The nursery is ready, and your bags are packed. You’ve attended the classes and read the baby books. You feel ready, but there are a few things that nobody prepares you for. Plenty of things surprise people about having a baby, so here’s what your postpartum nurse wants you to know.
6 Things Your Postpartum Nurse Wants You To Know
Here are six things your postpartum nurse wants you to know about after you give birth to your baby.
1. It Can Be Difficult to Rest in the Hospital
To ensure you and your baby are healthy and safe, your nursing staff will be rounding every few hours. Your postpartum nurse wants you to know they will monitor your vital signs, assess your bleeding, and administer medications. Your doctors and your baby’s pediatricians will also check in and evaluate your health.
Between everyone popping in and those late-night feedings, it may feel like you can’t catch a break. But I assure you, your hospital team wants to ensure you recover safely. You can request that your nurse and nurse’s aide cluster your care visits together to give you as much rest as possible.
2. After Delivery, Your Nurse Will Press on Your Abdomen
Once you deliver your baby, the nurses will perform a fundal massage. A massage may sound nice, but this one can be uncomfortable. Your postpartum nurse wants you to know they or another provider will push on your abdomen to feel your uterus. After delivery, your uterus should be nice and firm to prevent too much bleeding. If it is not firm, they will massage your uterus on your abdomen, stimulating your uterus to firm up again. If you had significant bleeding at delivery, your nurse might have to perform your fundal massages frequently.1
Every few hours, your nurse will feel your uterus and massage it to make sure it’s firm and contracted. This encourages the uterus to shrink back down in size. Try not to tense up during these fundal massages.1
3. Postpartum Cramps Can Feel Like Contractions
Something that shocks many new moms is that you may experience contraction-like cramps after you deliver your baby. These are sometimes referred to as “afterbirth pains.” Your uterus is working hard at clamping down and shrinking to its previous size. This is our body’s way of preventing too much bleeding, but it can be painful. Luckily, they’re not nearly as intense as labor contractions.2
These cramps tend to come on when you’re breastfeeding due to the release of the hormone oxytocin. Applying heat to the abdomen may be comforting, and many hospitals have heating pads available. Don’t hesitate to ask your nurse for a heating pad to help with the discomfort. Many moms also find pain medications such as ibuprofen to be helpful. The cramping typically lasts two to three days and should fully subside after a week.3,4
4. We Never Judge How You Feed Your Baby
Your postpartum nurse wants you to know that they and the doctor will ask if you wish to breastfeed or bottle feed because they want to know how to support you best. Do you want to breastfeed? Your nurse can show you how to latch your baby or request a lactation consultant. Do you want to bottle feed? No judgment here; let’s get you some bottles and formula.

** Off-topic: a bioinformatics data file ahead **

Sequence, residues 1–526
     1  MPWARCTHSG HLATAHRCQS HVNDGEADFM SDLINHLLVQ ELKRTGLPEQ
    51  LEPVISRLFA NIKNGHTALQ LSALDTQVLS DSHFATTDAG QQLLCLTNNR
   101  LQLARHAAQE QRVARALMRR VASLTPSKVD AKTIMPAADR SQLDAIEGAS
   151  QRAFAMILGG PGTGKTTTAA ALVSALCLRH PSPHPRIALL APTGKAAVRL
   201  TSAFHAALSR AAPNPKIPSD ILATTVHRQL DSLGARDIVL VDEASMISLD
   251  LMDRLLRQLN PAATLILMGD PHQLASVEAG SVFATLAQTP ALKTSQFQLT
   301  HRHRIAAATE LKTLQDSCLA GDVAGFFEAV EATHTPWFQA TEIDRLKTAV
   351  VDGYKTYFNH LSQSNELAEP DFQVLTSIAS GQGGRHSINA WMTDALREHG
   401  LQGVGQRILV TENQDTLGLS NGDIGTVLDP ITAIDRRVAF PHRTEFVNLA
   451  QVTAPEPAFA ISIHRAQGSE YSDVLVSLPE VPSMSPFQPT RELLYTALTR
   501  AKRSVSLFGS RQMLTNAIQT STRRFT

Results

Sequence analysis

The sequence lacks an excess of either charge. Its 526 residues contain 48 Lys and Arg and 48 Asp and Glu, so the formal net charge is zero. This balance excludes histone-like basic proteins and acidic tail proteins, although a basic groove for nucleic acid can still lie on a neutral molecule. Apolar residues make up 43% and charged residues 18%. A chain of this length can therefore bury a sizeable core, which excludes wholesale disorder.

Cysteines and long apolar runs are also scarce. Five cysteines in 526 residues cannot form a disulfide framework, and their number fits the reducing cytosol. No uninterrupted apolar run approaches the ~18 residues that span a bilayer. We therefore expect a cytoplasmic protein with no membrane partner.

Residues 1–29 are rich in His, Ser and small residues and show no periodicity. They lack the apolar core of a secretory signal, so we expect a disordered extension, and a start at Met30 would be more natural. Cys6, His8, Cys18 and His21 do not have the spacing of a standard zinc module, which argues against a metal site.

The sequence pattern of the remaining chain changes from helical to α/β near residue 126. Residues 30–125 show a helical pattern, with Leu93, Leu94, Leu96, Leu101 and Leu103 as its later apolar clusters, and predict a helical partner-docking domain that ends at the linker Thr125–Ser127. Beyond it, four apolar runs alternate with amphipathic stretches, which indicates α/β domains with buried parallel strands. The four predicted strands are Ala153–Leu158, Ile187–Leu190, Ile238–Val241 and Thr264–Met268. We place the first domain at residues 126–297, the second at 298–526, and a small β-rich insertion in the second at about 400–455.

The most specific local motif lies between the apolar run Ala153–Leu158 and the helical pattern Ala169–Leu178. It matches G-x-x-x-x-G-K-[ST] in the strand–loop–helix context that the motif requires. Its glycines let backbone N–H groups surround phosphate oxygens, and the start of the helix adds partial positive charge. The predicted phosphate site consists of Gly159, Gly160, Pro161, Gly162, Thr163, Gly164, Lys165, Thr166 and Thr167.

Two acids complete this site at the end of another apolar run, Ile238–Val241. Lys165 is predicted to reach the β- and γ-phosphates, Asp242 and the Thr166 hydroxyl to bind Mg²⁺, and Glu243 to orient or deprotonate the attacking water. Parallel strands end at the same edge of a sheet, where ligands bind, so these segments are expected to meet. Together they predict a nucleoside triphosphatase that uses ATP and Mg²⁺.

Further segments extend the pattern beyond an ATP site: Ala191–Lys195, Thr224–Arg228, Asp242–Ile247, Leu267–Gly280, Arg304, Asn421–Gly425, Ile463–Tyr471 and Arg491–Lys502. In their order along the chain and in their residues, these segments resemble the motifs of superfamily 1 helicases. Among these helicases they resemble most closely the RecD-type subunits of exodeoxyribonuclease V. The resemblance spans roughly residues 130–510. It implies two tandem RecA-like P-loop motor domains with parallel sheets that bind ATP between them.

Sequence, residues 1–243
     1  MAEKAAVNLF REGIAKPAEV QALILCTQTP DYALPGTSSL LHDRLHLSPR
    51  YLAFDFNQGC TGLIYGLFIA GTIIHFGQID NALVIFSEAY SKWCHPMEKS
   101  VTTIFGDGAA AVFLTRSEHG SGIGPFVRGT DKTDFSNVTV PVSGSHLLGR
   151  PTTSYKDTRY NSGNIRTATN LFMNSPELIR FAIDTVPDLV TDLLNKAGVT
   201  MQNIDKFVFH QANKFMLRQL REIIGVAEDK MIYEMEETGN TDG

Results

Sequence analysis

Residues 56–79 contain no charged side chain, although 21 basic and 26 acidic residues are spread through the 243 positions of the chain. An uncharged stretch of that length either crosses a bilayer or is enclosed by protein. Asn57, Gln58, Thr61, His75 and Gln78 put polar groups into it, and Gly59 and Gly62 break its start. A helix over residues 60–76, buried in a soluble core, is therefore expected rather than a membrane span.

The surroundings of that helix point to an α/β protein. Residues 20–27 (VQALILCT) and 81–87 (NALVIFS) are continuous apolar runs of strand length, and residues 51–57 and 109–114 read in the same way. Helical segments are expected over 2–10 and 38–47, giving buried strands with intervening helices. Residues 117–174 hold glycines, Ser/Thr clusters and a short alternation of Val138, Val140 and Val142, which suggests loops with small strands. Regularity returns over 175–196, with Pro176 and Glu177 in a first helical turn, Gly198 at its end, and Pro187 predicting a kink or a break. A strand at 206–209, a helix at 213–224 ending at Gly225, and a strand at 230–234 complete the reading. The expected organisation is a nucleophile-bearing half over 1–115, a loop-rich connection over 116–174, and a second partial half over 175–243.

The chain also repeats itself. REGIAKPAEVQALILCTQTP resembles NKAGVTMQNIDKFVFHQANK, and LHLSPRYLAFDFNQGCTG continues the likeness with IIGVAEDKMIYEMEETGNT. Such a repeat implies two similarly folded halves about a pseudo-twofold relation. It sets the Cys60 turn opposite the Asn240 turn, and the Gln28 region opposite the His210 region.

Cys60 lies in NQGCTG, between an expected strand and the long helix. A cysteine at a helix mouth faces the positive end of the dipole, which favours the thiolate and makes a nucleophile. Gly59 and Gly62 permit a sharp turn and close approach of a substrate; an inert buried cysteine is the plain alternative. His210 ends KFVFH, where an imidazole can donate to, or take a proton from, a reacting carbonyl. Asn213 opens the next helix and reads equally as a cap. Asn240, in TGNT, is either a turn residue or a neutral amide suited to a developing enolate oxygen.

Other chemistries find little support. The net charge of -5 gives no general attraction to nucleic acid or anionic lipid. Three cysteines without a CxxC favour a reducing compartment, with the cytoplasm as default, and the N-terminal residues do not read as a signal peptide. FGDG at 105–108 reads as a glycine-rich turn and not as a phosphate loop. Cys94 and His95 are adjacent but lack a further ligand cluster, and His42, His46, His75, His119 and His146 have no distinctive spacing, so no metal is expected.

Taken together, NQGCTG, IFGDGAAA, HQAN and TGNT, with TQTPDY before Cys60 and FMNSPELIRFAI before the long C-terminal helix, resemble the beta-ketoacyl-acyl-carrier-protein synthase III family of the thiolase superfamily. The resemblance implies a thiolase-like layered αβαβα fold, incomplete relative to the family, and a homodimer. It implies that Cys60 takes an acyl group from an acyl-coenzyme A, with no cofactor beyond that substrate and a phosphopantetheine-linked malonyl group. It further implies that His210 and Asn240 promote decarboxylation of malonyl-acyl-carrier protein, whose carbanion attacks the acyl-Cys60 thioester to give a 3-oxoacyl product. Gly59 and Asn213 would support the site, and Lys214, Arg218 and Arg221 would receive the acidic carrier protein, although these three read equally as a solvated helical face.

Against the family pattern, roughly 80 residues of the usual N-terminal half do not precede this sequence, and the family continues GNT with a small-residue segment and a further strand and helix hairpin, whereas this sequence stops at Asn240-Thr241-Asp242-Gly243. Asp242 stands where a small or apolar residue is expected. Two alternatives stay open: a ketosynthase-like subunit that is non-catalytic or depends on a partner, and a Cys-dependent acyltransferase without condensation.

Not everyone wants or can breastfeed their baby, and that’s okay. Your hospital will have baby bottles and formula available, and your nurse can guide you on how much to start with.
5. Second-Night Syndrome
Babies are most alert right after they’re born. This is known as the golden hour. This is when many babies will have their first feeding. After that first hour, babies become very sleepy. They’re recovering from birth, too, after all.5
Encouraging your baby for their feeding during that first day may be challenging. But after the first 24 hours, babies tend to wake up and become more alert. This is when they will make up for lost time and participate in what many refer to as the “second-night syndrome.” If you’re breastfeeding, this means your baby will want to cluster feed frequently. Sometimes, it feels like it’s nonstop.6
Cluster feeding has many moms questioning their supply. But this is very common and is your baby’s way of encouraging your milk to come in. If your baby produces enough wet and dirty diapers and is not losing too much weight, you can follow your baby’s lead and know it is temporary.7
6. Nurseries are Becoming a Thing of the Past
More hospitals are promoting “rooming-in” with your baby. Your postpartum nurse wants you to know this means instead of sending your baby to a nursery, babies remain in the room with their parents. There are many benefits to rooming-in:8
- It promotes bonding. Having your baby in the room allows you to get to know your baby. This helps build confidence in caring for your new baby.9
- Being close to your baby allows you to notice their feeding cues and respond accordingly. You can respond to early feeding cues before your baby gets overly hungry and is harder to console. This promotes better breastfeeding outcomes.10
- Babies who room-in have more stable temperatures and blood sugar levels. When babies are close to their parents, they are more likely to participate in skin-to-skin contact. Skin-to-skin has many benefits, such as better temperature regulation and blood sugar levels in the baby.11
Skin-to-skin helps regulate the baby’s heart rate and breathing. It encourages relaxation and reduces stress hormones for mother and baby. And it’s not just for mothers either; dads can benefit from skin-to-skin, too. What could be better than fresh newborn snuggles and that new baby smell?11
Becoming a new parent comes with many unknowns, but your postpartum nurse wants you to know you got this! Give yourself grace, and don’t be afraid to ask for help. Take advantage of the short time you’re in the hospital. Nurses enjoy teaching new parents. And remember, there is no better parent for your baby than you.